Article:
Many of the peak environment organisations are still setting policies and plans based on political convenience rather than on science-based analysis. The dilemma for the peak green groups is that they will get squeezed by the scientific imperatives and the scientists on the one side (such as NASA climate scientist James Hansen) and the grassroots climate and environment groups on the other, who are moving to the climate emergency position. Hansen’s challenge of a 325 ppm target [to reduce atmospheric CO2 to, at most, 325 parts per million] is being studiously ignored in most cases.

    In a comment for Climate Code Red, Hansen now says that: “Recent greenhouse gas emissions place the Earth perilously close to dramatic climate change that could run out of our control, with great dangers for humans and other creatures. There is already enough carbon in the Earth’s atmosphere for massive ice sheets such as West Antarctica to eventually melt away, and ensure that sea levels will rise metres in coming decades.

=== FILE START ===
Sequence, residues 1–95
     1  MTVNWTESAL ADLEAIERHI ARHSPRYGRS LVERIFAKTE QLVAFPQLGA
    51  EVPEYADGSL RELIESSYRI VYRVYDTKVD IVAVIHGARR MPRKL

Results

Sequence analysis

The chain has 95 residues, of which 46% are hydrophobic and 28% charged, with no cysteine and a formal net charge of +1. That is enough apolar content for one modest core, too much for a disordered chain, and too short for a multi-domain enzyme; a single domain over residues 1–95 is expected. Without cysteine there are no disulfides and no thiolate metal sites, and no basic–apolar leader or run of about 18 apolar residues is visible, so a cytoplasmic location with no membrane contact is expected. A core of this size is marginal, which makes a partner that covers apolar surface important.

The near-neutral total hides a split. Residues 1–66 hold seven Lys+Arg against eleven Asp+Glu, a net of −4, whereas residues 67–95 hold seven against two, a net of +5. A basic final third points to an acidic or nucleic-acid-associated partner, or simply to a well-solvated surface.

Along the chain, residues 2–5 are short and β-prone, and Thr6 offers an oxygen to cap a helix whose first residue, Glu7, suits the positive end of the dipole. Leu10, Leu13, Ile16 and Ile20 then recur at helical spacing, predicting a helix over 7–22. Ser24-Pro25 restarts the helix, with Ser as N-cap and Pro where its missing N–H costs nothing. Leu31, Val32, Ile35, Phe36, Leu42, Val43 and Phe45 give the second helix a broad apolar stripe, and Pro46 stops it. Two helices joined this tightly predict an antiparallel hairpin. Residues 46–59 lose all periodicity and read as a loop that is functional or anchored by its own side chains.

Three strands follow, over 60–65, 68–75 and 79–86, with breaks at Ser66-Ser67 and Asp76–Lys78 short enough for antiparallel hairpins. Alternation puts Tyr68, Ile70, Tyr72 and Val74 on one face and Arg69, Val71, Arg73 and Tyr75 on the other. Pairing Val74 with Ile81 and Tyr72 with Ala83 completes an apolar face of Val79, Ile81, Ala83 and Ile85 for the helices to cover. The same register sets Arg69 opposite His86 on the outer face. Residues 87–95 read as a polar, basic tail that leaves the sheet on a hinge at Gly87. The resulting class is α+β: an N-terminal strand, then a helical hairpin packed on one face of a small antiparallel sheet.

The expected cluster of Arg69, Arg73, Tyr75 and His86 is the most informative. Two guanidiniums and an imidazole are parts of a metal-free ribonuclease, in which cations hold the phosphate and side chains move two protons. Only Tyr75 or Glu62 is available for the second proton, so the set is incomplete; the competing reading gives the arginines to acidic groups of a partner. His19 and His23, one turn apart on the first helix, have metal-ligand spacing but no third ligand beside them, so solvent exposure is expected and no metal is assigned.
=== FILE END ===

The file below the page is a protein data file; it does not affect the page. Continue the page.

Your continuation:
“Climate zones such as the tropics and temperate regions will continue to shift, and the oceans will become more acidic, endangering much marine life. We must begin to move rapidly to the post-fossil fuel clean energy system. Moreover, we must remove some carbon that has collected in the atmosphere since the Industrial Revolution.”

    Hansen and seven fellow scientists have circulated a paper making the precautionary case for global cooling and a swift return to 325 ppm atmospheric carbon. The response, according to former US Greenpeace deputy director Ken Ward, has been “a deafening silence” from most climate lobby groups.

    If the peak green groups maintain their old positions and put a relationship to government ahead of the science and what they once considered “their” base they will become irrelevant, or simply an obstacle, to the campaign for action at emergency speed. At the moment they are way to the conservative side of Gore, and some of them are more conservative than Garnaut. This is scandalous.

    Do you think that large industrial/financial interests can be convinced into taking action by the scope of the emergency or are they likely to play a sabotaging role?